The ETF That Crowdsources Its Investment Ideas

| About: CrowdInvest Wisdom (WIZE)

Summary

The CrowdInvest Wisdom ETF launched recently with the strategy of using crowdsourcing ideas to fill its portfolio.

Investors use the CrowdInvest app to select if they're bullish or bearish on a stock. Companies with the highest net bullish ratings make it to the portfolio.

The fund's 0.95% expense ratio is high for this type of strategy.

Investors generally experience much lower returns than the market due to poor market timing making this fund likely to struggle.

Smart companies are increasingly embracing the crowdsourcing trend. Businesses are using crowdsourcing to help with just about everything including assessing consumer preferences, determining which new products to launch and assisting with broad marketing efforts. So it makes sense that an ETF would soon begin crowdsourcing its investment ideas.

The CrowdInvest Wisdom ETF (NYSEARCA:WIZE) is a smart beta fund founded with the notion that the overall sentiment of the universe of otherwise independent investors can outperform active money managers and the underlying indices. On the CrowdInvest website's home page is the quote, "Under the right circumstances, groups are remarkably intelligent, and are often smarter than the smartest people in them."

Here's how it works. The creators of the CrowdInvest Wisdom Index look to select and balance a total of roughly 35 stocks that are based on the bullish and bearish sentiment of users of the CrowdInvest mobile app. Users simply click on the bull or bear symbol on the app for each stock they follow and the ones with the most positive net sentiment make the cut for the portfolio. Josh Brown at the Reformed Broker called it "Tinder for stocks".

One of the fund manager's criticisms of the actively managed fund universe is that "approximately 70% of mutual fund managers of US domestic actively managed mutual funds and ETFs underperform their benchmarks and charge approximately 1.50% a year in fees." While these two figures are mostly true, generally speaking, the CrowdInvest Wisdom ETF and its 0.95% expense ratio aren't much better. Despite this, the company boasts that its Wisdom Index outperformed the S&P 500 (NYSEARCA:SPY) by about 1.5% in the one year since its inception.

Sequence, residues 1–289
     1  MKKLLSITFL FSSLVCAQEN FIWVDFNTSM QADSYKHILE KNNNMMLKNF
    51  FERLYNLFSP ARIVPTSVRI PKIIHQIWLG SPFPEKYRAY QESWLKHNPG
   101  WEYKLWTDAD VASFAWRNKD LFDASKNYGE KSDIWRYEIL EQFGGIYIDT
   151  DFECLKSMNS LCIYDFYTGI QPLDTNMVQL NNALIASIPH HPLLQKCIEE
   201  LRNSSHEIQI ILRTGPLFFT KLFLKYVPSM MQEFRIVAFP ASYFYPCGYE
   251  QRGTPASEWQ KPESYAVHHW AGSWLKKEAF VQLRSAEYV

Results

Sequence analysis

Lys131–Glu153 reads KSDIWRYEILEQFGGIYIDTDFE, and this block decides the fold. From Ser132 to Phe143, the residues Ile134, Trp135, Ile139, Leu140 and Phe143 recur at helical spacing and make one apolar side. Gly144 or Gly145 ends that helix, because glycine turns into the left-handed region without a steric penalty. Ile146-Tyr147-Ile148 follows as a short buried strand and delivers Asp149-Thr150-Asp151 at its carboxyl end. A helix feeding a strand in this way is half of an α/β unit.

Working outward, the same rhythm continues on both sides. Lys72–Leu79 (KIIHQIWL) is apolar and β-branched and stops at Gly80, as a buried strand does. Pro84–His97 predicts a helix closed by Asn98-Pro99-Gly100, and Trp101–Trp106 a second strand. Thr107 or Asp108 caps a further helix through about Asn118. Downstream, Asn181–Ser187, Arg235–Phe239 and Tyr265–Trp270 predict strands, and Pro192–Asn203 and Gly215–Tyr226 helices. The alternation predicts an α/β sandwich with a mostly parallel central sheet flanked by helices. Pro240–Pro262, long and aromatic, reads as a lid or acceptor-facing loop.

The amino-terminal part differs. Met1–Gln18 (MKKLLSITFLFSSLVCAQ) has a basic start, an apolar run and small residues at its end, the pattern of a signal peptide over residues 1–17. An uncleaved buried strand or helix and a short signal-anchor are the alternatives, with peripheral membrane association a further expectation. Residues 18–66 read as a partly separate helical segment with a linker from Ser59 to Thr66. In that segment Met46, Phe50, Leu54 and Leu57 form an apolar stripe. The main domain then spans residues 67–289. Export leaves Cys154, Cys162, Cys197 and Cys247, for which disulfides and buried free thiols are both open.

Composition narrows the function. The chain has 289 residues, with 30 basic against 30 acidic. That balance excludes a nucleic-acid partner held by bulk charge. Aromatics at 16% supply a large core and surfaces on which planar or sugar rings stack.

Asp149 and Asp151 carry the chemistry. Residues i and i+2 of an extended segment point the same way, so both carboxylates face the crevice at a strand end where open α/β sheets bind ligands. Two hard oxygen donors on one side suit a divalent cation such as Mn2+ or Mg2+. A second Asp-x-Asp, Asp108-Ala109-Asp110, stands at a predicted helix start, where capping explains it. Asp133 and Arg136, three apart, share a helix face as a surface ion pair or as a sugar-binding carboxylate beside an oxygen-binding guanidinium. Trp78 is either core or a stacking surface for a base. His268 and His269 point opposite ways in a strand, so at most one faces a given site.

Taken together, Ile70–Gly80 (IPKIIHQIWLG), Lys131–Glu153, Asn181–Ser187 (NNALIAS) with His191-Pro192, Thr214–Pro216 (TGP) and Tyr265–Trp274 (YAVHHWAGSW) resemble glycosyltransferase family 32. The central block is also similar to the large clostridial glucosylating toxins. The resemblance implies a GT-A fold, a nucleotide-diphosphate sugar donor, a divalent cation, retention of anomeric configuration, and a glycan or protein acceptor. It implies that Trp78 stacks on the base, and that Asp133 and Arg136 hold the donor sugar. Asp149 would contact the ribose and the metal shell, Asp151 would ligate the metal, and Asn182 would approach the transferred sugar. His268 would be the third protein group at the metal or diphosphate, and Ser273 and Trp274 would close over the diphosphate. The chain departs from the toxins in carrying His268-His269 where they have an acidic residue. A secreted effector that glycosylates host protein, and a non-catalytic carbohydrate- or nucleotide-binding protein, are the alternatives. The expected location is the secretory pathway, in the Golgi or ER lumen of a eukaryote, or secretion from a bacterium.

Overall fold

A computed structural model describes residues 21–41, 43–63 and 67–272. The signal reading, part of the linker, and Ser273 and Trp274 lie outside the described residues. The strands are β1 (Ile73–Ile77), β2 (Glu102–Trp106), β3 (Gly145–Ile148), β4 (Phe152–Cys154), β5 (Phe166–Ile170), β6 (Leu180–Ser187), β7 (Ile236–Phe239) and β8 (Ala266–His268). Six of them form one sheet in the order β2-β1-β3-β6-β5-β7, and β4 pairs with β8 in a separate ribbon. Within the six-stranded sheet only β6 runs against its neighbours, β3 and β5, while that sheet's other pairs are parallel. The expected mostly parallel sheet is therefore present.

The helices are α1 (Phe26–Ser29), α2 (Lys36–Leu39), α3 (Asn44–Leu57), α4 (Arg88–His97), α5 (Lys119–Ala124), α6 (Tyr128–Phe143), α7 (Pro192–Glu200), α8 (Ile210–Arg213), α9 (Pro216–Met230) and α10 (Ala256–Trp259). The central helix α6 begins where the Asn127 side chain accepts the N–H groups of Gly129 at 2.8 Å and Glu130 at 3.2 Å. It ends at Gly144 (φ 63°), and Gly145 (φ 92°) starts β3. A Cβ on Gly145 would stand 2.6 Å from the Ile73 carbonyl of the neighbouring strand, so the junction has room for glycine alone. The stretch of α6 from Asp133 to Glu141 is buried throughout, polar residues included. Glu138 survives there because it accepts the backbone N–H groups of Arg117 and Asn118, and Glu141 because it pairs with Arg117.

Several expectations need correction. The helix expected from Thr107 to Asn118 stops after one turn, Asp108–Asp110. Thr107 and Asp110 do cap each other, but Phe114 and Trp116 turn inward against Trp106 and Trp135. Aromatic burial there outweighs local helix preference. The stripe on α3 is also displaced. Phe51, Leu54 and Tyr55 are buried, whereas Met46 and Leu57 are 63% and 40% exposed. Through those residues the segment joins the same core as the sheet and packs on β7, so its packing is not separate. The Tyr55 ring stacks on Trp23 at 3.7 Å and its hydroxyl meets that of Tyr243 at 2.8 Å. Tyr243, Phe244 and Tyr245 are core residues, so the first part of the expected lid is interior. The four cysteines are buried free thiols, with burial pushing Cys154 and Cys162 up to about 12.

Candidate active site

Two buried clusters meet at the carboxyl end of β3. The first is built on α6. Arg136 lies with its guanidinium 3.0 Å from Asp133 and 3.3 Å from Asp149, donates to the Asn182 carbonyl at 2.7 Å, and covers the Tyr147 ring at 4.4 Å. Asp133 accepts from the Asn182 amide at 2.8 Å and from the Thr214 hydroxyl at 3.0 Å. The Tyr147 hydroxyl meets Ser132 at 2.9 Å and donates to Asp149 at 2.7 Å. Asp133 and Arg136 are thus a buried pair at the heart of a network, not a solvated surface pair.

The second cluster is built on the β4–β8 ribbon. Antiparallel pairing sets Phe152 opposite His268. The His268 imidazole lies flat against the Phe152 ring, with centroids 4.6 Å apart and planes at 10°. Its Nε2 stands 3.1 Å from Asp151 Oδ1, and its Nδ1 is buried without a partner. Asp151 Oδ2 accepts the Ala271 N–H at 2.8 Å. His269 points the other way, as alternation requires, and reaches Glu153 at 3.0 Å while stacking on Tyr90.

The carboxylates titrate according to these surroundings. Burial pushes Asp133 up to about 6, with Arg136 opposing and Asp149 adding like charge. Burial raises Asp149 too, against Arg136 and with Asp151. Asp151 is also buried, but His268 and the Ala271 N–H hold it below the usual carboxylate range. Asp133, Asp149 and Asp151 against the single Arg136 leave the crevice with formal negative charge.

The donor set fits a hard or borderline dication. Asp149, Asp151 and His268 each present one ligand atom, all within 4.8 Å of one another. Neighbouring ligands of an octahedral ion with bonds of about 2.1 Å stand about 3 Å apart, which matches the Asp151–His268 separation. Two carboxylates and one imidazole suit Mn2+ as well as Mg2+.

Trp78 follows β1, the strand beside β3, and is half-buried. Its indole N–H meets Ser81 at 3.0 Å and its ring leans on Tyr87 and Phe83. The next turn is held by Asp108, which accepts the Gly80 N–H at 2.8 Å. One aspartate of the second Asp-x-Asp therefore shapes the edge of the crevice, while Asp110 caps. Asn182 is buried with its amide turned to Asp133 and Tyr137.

Given that most of the attention on the app is given to larger companies, this is primarily a large cap ETF. Top holdings in the fund include Allergen (NYSE:AGN), V.F. Corporation (NYSE:VFC), Oracle (NYSE:ORCL), Morgan Stanley (NYSE:MS), General Growth Properties (NYSE:GGP) and H&R Block (NYSE:HRB).

Conclusion

While it's a good start for the fund, it's tough to put too much weight into one year's performance, especially given the investing public's history of shooting itself in the foot. Studies have shown that the average investor return over the last few decades has been roughly 2% annually. This is in a time when the average annual return of the S&P 500 is over 10%. Saying that the sentiment of the investing crowd can beat active fund managers given this kind of historical track record makes it a dubious claim.

Investor sentiment tends to be a lagging indicator. Traders tend to buy stocks after much of the upside has passed and only sell after stocks have dropped. This kind of emotion-based trading is going to make it difficult for the fund to outperform over a longer time frame.

While the claim that high expense ratios deserve much of the blame for the failure to outperform an index is largely true, this fund's 0.95% expense ratio will soon catch up with it as well. Trying to simply match a broad market index is hard enough. Beating it by a full percent every year will be harder.

While this ETF is an intriguing use of the crowdsourcing concept, I'm leery of its ability to outperform over the long term. For now, I'm staying away.

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Disclosure: I/we have no positions in any stocks mentioned, and no plans to initiate any positions within the next 72 hours.

I wrote this article myself, and it expresses my own opinions. I am not receiving compensation for it (other than from Seeking Alpha). I have no business relationship with any company whose stock is mentioned in this article.